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Azizul Haque Vs. the State of U.P. and ors. - Court Judgment

LegalCrystal Citation
SubjectTenancy
CourtSupreme Court of India
Decided On
Case NumberCivil Appeal No. 1602 of 1967
Judge
Reported in(1971)3SCC796
ActsUP Rent Control and Eviction Act - Sections 3, 7(F);Constitution Of India - Articles 226, 133(1)(b)
AppellantAzizul Haque
RespondentThe State of U.P. and ors.
DispositionAppeal Dismissed
Excerpt:
- [ a.n. grover,; j.c. shah and; k.s. hegde, jj.] -- rules of natural justice are not embodied rules. before coming to the conclusion that any particular procedure adopted had contravened the principles of natural justice, the court must be satisfied that the procedure adopted was not conducive to reach a just decision. a party is not entitled as of right to have his attention called to any material that may come before a quasi-judicial tribunal unless the material in question is likely to prejudice his case either directly or indirectly. -- the high court summarily dismissed that writ petition. the learned judges of the high court before dismissing the writ petition had called for the comments of the rent control and eviction officer and perused the same......respondent 2 applied to the rent control and eviction officer, kanpur, under section 3 of the up rent control and eviction act, for permission to file a suit in the civil court for eviction of the appellant from the premises primarily on the ground that the said premises is required for starting dry-cleaning business by his son. the rent controller after holding the necessary enquiry granted the permission asked for but in revision the commissioner reversed the order of the rent controller and rejected the application of respondent 2. thereafter respondent 2 took the matter in revision to the state government under section 7(f) of the up rent control and eviction act. the state government after giving an opportunity to the parties to represent their case reversed the order of the.....
Judgment:

K.S. HEGDE, J.

1. The second respondent in this appeal is the owner of a premises in the city of Kanpur. The appellant is occupying that premises as a tenant. On August 6, 1962, Respondent 2 applied to the Rent Control and Eviction Officer, Kanpur, under Section 3 of the UP Rent Control and Eviction Act, for permission to file a suit in the civil court for eviction of the appellant from the premises primarily on the ground that the said premises is required for starting dry-cleaning business by his son. The Rent Controller after holding the necessary enquiry granted the permission asked for but in revision the Commissioner reversed the order of the Rent Controller and rejected the application of Respondent 2. Thereafter Respondent 2 took the matter in revision to the State Government under Section 7(F) of the UP Rent Control and Eviction Act. The State Government after giving an opportunity to the parties to represent their case reversed the order of the Commissioner and restored that of the Rent Control and Eviction Officer. The appellant challenged the order of the State Government by means of an application under Article 226 of the Constitution before the High Court of Allahabad. The High Court summarily dismissed that writ petition. Thereafter this appeal has been brought after obtaining from the High Court a certificate under Article 133(1)(b) of the Constitution.

2. The only ground that appears to have been urged before the High Court against the order of the State Government was that the State Government before passing the order had called for the comments of the Rent Control and Eviction Officer; those comments had not been made available to the appellant before he represented his case to the State Government and therefore the order of the State Government is vitiated as it contravened the principles of natural justice. The High Court before summarily rejecting the writ petition had called for the comments in question. After perusing the same, it found those comments to be innocuous as the Rent Control and Eviction Officer had not expressed any opinion in those comments.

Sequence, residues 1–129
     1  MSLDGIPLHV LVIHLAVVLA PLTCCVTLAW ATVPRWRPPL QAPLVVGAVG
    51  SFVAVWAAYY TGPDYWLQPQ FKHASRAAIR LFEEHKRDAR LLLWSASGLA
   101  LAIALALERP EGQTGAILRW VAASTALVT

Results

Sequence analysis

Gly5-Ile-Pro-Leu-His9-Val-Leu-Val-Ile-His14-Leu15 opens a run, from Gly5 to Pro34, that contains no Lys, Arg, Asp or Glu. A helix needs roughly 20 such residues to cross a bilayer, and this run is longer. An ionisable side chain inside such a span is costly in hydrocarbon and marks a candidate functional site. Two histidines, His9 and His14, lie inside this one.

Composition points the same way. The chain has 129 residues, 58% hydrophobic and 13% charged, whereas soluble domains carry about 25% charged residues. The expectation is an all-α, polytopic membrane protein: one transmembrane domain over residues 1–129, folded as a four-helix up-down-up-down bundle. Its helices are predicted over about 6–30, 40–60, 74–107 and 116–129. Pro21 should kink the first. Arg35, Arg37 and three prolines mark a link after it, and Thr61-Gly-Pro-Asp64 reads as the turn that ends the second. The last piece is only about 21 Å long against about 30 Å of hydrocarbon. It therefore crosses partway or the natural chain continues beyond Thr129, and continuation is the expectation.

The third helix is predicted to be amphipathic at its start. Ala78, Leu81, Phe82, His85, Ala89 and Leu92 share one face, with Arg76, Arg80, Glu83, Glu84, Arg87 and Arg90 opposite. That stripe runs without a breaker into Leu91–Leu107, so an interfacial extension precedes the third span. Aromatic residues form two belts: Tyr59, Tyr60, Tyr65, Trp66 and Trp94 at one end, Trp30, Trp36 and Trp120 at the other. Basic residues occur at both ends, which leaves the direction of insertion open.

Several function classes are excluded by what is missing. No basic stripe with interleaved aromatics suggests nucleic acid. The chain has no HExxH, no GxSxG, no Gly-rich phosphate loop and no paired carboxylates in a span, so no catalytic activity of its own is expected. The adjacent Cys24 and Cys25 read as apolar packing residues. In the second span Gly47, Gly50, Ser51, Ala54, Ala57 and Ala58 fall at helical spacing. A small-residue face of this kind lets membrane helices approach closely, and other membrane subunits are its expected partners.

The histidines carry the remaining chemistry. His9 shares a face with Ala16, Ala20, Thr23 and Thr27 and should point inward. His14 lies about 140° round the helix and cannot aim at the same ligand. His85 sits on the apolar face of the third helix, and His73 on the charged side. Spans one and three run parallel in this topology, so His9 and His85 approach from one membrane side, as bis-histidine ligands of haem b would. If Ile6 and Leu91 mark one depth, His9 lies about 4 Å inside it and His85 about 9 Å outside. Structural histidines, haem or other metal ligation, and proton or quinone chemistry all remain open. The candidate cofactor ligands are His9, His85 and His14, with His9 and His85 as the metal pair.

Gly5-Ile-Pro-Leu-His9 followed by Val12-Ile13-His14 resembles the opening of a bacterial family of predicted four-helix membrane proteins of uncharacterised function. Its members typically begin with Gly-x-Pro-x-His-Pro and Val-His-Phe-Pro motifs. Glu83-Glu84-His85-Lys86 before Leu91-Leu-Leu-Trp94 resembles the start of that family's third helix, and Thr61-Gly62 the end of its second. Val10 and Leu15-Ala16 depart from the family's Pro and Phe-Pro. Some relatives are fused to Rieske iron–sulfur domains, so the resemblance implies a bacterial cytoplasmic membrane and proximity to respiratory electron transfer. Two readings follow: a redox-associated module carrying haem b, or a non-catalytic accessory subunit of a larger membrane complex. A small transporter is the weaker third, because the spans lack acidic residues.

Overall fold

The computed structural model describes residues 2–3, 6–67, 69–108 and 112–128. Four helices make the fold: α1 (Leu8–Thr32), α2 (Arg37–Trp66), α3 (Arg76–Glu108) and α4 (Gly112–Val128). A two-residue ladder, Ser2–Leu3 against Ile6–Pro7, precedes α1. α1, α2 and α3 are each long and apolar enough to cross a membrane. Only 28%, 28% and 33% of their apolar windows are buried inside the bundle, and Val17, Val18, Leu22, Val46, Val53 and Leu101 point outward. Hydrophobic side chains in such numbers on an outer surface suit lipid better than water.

3. It was urged before us that the very fact that the State Government had occasion to look into the comments of the Rent Control and Eviction Officer behind the back of the appellant, has vitiated the order made by it as the proceeding before the State Government was a quasi-judicial one as held by this Court in several cases.

4. We are unable to accept this contention. This Court has said more than once that the rules of natural justice are not embodied rules. Before coming to the conclusion that any particular procedure adopted had contravened the principles of natural justice, the court must be satisfied that the procedure adopted was not conducive to reach a just decision. A party is not entitled as of right to have his attention called to any material that may come before a quasi-judicial tribunal unless the material in question is likely to prejudice his case either directly or indirectly. The learned Judges of the High Court before dismissing the writ petition had called for the comments of the Rent Control and Eviction Officer and perused the same. They have come to the conclusion that those comments are innocuous. We are sure that the learned counsel for the appellant before the High Court also must have had an opportunity to look into those comments. It is not mentioned either in the application made to the High Court for certificate or in the petition of appeal that the appellant or his counsel had no opportunity to look into those comments when the same was before the High Court.

5. We see no substance in this appeal. It is accordingly dismissed with costs.


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